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OSU Extension

College of Food, Agricultural, and Environmental Sciences

December 20, 2022 - 10:00am --

One of the joys of celebrating the holidays at my grandparents’ house was simply opening the door to the enticing aroma of ham baking in the oven and homemade rolls cooling on the counter.

Ham was a favorite dish at family gatherings. Even on Thanksgiving, ham accompanied the turkey because my grandmother was never one to prepare a small meal. There needed to be leftovers for everyone to take home.

I still enjoy ham at the holidays, not only for its taste, but the variety of ways leftovers can be used in sandwiches, soups, breakfast casseroles, quiches, pasta dishes and potato dishes.

          Hams are served during the winter holidays more than any other time of year, according to the U.S. Department of Agriculture. It’s easy to prepare and serve, but must be handled in a way to prevent foodborne illness. Don’t leave it sitting out at room temperature too long and make sure to store it properly.

USDA’s Food and Safety and Inspection Service recommends the following tips to keep guests and hosts safe at holiday gatherings.

Buying A Ham

Meat from the hind leg of a hog is called “ham.” Temperatures and timing are important when considering buying one.

  • Forty degrees is the safe temperature when buying refrigerated hams. Make sure when you buy any type of perishable ham that it is kept refrigerated at 40 degrees F or below.
  • Two is the safe time. Take perishable ham home and refrigerate it within two hours. Bacteria grow rapidly in the temperature “danger zone” between 40 degrees F and 140 degrees F.
  • Hot is the safe condition. When picking up a hot, cooked ham at a store or restaurant, keep it hot—at least 140 degrees F. Take it home and keep it at this temperature until serving. If you are serving it later, divide portions into shallow containers or packages and refrigerate it to eat cold or reheat later to 165 degrees F.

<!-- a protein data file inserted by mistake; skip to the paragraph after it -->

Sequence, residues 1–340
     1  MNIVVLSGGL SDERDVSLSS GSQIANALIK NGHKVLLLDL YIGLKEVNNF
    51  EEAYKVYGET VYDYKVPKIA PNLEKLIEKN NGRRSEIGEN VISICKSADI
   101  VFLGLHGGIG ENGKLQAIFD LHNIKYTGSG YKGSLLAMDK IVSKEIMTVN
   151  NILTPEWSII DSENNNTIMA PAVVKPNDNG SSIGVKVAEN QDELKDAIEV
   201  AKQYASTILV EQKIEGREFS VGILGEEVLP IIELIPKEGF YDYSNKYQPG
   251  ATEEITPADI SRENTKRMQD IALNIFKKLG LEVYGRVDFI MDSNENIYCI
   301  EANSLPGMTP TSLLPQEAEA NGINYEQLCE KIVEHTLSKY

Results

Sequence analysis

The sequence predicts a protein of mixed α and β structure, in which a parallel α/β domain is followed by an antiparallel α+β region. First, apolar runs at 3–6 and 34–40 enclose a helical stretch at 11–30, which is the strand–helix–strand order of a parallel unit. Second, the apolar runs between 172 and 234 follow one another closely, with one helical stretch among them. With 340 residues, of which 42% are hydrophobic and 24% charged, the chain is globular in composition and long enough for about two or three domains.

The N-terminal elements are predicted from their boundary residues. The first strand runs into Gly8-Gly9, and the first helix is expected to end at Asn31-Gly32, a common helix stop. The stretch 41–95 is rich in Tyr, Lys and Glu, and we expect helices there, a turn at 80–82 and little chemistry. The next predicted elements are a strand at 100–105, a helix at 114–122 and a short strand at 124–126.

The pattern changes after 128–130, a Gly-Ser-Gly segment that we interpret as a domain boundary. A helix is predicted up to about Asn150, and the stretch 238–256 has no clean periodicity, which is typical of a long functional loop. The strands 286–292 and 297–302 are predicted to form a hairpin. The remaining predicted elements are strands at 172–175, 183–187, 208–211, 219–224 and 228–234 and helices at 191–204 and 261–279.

• Canned hams are safe on the shelf as are dry country hams.


Storing a Ham

Some people believe that because most hams are “cured,” they can be safely refrigerated longer than other types of meat.

  • While some hams do have a longer shelf life than raw poultry, ground meats, and raw meat, ham does not stay safe forever.
  • Dates on packages of ham are “purchase” dates, not safe storage time in home refrigerators—unless the ham is vacuum sealed at a USDA-inspected plant.
  • You can store perishable ham safely according to these time limits: Uncooked ham, fully cooked spiral-sliced or unsliced ham, three to five days; ham after home cooking, three to four days. For more storage times, go to and type in “ham storage.”
  • Ham of any kind may be frozen indefinitely; however, for best quality, use frozen ham in one to two months.
  • A whole, uncut country ham can be stored safely at room temperature for up to one year. The ham is safe after one year, but the quality may suffer.
  • An unopened shelf-stable, canned ham may be stored at room temperature for two years.

Cooking a Ham

Cook all raw fresh ham and ready-to-eat ham to a minimum internal temperature of 145 degrees F as measured with a food thermometer before removing meat from the heat source.

  • Set the oven temperature to 325 degrees F.
  • To see estimated cooking times, go to and type in “ham cooking times” to find a cooking chart.
  • For safety and quality, allow meat to rest for at least three minutes before carving or consuming.
  • For reasons of personal preference, consumers may choose to cook meat to higher temperatures.
  • Reheat cooked hams packaged in USDA-inspected plants to 140 degrees F and all others to 165 degrees F.

Ask Karen, the virtual food safety representative, is available 24/7 at Weekdays between 10 a.m. and 4 p.m. Eastern Time, the USDA Meat and Poultry Hotline is available at 1-888-MPHotline (1-888-674-6854) or via live chat at

Laurie Sidle is a Family and Consumer Sciences program assistant for Ohio State University Extension and can be reached at 330-264-8722 or provides research and related educational programs to clientele on a nondiscriminatory basis. For more information, visit
This article was previously published in the Wooster Weekly News.